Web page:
On getting lost, GPS, and a farewell to maps
Who knows best the cost of rowing solo across the Atlantic? She who finishes last.
The marines' mountain warfare training center is the ultimate test for some of the world's toughest troops: a make-it-or-leave regimen of backcountry ski combat, torturous night maneuvers, and deadly cold. Any volunteers?
Injury, pain, the psychology of recovery, and getting back on the trail
Once a nation of adventure-athletes, America is getting fatter by the day.
A half-mad dash to Hkakabo Razi seemed like a good idea at the time. And hey, how tough can it be to sneak past the Chinese Army?
Of baboon lust, ibex ballets, and the necessity of the African wolf.
Time was, you could crisscross America with nothing but a rucksack and a thumb. You still can, if you know how.
An ice-climbing trip to Scotland—land of rain, sleet, and mad outdoorsmen—brings new respect for the sport's big-hearted pioneers
He was packing for a trek through roughest Afghanistan when the world shook. Sometimes adventure has to wait.
Going core with Yvon Chouinardleery capitalist, walking contradiction
Scenes from the Gorge Games, and looking for the new face of adventure
Why travel to remote places? Why bother with the hassle, the expense, the danger? Because it's actually cheap, intoxicating, and easy.
Some peaceful recreation on a journey from Gallipoli to Troy, where the echoes of war never die
A cold mountain, a mismatched pair, and a meditation on the strange chemistry of partnership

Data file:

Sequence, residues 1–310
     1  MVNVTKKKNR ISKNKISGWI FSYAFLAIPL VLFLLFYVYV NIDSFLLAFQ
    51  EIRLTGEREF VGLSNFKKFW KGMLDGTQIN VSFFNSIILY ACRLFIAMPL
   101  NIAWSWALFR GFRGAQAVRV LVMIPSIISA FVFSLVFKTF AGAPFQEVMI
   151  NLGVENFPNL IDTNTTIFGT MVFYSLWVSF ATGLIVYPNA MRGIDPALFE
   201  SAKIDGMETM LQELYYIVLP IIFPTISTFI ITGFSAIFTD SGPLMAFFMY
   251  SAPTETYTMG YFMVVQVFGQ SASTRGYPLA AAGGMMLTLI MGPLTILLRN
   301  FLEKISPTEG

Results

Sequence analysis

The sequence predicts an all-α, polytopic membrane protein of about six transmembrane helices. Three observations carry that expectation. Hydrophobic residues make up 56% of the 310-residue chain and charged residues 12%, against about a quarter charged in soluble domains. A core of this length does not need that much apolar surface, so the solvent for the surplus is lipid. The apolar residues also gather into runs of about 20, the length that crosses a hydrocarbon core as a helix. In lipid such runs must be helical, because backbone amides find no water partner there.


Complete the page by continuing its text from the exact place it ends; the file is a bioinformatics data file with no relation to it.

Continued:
If you want to get high, there's still a price to be paid for invading the towering ranges—despite some newfangled shortcuts
Has this tired old world been explored-out? Not Down Under, where uncharted, bottomless slot canyons hide just west of Sydney.
Once a year, the adventurous Jenkins boys will be boys, reforging the bonds of brotherly affection by nearly killing themselves
An outsized wilderness lives on in mythic dreams and salvaged hope
Take three travelers, a nation of Buddhists, and one unfortunate rodent. Add a forbidden journey and a dark childhood secret, and you could have the time of your lives.
So, feeling like a plunge down a Himalayan river, a race up the face of a Patagonian spire, or a ski expedition to the North (or South—that's O.K. too) Pole? Feeling a little scared? That's why we call them Tough Trips.
The treacherous history of the Matterhorn can be read in books and snowy graveyards, but to write it you've got to survive it
From beginning to middle to end and back again, one adventure leads to another. So hold tight—it's a long ride
Does wilderness therapy help troubled kids? After a gang of teenagers staged a violent mutiny in the badlands of Utah, we joined the search for answers.
A partner drops out, one thing leads to another, and suddenly our hero finds that peer pressure has him fighting for his life
What gets the equivalent of 1,000 miles per gallon, doesn't pollute, will save the world, and transports you in breezy style? Your bike.
The rules (there are only three of them) remain the same for a lifetime, and they come from the mouths of babes
The come-on: Grab two hours of challenging fun and fast adventure. But when a dark wall of water swept away lives and reputations, the question became: Why?